Mornings on Horseback: The Story of an Extraordinary Faimly, a Vanished Way of Life and the Unique Child Who Became Theodore Roosevelt

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The National Book Award–winning biography that tells the story of how young Teddy Roosevelt transformed himself from a sickly boy into the vigorous man who would become a war hero and ultimately president of the United States, told by master historian David McCullough.

Mornings on Horseback is the brilliant biography of the young Theodore Roosevelt. Hailed as “a masterpiece” (John A. Gable, Newsday), it is the winner of the Los Angeles Times 1981 Book Prize for Biography and the National Book Award for Biography. Written by David McCullough, the author of Truman, this is the story of a remarkable little boy, seriously handicapped by recurrent and almost fatal asthma attacks, and his struggle to manhood: an amazing metamorphosis seen in the context of the very uncommon household in which he was raised.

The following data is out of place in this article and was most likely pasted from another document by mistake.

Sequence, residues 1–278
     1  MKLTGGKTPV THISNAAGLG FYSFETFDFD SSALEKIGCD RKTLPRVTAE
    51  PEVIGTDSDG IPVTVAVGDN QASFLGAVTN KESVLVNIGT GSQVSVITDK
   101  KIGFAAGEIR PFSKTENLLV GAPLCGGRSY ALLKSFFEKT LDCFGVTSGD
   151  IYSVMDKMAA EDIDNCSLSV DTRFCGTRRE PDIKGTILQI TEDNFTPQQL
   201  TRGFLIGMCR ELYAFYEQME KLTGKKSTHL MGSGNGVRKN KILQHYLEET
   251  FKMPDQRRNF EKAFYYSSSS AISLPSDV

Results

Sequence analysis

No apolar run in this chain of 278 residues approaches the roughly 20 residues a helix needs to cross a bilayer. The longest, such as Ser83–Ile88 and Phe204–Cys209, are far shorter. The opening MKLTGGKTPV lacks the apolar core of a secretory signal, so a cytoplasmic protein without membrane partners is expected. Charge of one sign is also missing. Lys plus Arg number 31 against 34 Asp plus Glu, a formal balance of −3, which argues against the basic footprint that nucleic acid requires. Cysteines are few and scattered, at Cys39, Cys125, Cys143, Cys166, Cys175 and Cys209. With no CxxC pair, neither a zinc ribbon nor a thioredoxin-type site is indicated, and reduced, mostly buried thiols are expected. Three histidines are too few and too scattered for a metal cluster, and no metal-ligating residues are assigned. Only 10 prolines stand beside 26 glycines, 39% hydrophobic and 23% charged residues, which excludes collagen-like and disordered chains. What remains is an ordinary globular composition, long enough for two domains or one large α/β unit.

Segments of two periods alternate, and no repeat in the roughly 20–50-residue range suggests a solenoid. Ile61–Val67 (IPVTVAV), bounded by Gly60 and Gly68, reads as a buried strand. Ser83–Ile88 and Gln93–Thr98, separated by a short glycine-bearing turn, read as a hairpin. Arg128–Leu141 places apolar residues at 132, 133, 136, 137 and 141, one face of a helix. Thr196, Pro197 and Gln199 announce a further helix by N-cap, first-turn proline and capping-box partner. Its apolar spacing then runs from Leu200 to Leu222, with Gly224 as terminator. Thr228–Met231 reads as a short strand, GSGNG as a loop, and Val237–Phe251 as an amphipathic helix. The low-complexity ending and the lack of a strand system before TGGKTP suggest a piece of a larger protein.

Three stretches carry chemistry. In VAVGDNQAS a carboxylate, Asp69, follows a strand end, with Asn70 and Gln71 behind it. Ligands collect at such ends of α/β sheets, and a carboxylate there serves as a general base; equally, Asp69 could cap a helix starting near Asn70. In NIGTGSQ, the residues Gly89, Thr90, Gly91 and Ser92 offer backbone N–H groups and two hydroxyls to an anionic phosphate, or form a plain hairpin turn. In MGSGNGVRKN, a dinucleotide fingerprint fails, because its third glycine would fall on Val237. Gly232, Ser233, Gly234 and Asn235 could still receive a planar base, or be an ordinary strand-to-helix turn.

The father is the first Theodore Roosevelt, a figure of unbounded energy, enormously attractive and selfless, a god in the eyes of his small, frail namesake. The mother, Mittie Bulloch Roosevelt, is a Southerner and a celebrated beauty, but also considerably more, which the book makes clear as never before. There are sisters Anna and Corinne, brother Elliott (who becomes the father of Eleanor Roosevelt), and the lovely, tragic Alice Lee, TR’s first love. All are brought to life to make “a beautifully told story, filled with fresh detail” (The New York Times Book Review).